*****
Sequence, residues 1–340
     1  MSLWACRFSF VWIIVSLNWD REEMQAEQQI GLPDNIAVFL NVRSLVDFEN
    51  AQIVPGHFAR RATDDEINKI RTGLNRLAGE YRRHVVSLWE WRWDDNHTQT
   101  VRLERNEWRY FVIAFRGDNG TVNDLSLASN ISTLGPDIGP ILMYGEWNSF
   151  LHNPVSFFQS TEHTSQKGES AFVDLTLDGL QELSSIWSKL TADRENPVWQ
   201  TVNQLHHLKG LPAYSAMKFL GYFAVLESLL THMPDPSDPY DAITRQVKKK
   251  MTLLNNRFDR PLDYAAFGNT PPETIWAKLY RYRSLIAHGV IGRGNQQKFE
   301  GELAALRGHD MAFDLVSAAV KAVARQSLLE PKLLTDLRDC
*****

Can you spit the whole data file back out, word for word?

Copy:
Sequence, residues 1–340
     1  MSLWACRFSF VWIIVSLNWD REEMQAEQQI GLPDNIAVFL NVRSLVDFEN
    51  AQIVPGHFAR RATDDEINKI RTGLNRLAGE YRRHVVSLWE WRWDDNHTQT
   101  VRLERNEWRY FVIAFRGDNG TVNDLSLASN ISTLGPDIGP ILMYGEWNSF
   151  LHNPVSFFQS TEHTSQKGES AFVDLTLDGL QELSSIWSKL TADRENPVWQ
   201  TVNQLHHLKG LPAYSAMKFL GYFAVLESLL THMPDPSDPY DAITRQVKKK
   251  MTLLNNRFDR PLDYAAFGNT PPETIWAKLY RYRSLIAHGV IGRGNQQKFE
   301  GELAALRGHD MAFDLVSAAV KAVARQSLLE PKLLTDLRDC